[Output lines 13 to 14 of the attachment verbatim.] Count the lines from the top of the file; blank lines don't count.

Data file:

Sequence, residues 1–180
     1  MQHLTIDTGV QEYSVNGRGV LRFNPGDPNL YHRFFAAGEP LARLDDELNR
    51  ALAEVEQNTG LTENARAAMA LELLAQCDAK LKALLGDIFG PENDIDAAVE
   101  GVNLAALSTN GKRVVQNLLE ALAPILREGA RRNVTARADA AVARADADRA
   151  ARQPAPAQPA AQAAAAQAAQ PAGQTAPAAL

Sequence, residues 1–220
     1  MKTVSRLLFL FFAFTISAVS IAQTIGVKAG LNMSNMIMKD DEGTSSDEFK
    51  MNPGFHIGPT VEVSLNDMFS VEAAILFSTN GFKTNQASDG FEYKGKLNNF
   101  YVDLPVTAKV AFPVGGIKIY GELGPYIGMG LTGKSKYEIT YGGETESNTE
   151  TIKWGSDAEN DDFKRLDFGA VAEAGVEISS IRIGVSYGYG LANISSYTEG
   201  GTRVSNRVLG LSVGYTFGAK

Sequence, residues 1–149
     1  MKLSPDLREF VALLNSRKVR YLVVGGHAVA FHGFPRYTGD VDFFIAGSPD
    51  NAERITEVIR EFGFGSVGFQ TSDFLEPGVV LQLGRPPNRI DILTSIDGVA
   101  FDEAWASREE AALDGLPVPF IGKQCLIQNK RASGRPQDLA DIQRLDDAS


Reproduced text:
     1  MKLSPDLREF VALLNSRKVR YLVVGGHAVA FHGFPRYTGD VDFFIAGSPD
    51  NAERITEVIR EFGFGSVGFQ TSDFLEPGVV LQLGRPPNRI DILTSIDGVA